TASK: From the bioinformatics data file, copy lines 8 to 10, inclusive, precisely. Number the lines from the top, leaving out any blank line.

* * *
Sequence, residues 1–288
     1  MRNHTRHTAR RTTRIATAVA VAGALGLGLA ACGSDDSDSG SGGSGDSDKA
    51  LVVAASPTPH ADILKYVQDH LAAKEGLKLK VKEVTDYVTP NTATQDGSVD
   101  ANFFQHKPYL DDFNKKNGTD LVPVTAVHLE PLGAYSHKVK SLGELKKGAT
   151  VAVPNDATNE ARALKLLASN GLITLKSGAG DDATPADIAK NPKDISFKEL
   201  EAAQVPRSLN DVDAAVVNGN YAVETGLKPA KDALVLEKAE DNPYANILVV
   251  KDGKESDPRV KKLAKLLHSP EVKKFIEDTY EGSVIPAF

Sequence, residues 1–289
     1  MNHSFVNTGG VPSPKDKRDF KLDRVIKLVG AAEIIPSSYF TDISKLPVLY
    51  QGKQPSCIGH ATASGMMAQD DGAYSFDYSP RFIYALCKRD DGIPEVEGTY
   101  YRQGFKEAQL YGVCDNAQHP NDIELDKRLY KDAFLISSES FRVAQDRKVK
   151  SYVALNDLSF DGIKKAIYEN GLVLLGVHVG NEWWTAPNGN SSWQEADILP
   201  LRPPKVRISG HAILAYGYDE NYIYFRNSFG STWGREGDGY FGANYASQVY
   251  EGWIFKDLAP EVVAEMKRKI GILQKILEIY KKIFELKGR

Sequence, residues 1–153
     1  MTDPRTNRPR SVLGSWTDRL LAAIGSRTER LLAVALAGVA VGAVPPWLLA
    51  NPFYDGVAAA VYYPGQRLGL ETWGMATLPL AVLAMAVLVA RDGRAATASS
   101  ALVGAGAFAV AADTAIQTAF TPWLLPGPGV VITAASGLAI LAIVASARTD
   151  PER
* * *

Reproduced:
Sequence, residues 1–289
     1  MNHSFVNTGG VPSPKDKRDF KLDRVIKLVG AAEIIPSSYF TDISKLPVLY
    51  QGKQPSCIGH ATASGMMAQD DGAYSFDYSP RFIYALCKRD DGIPEVEGTY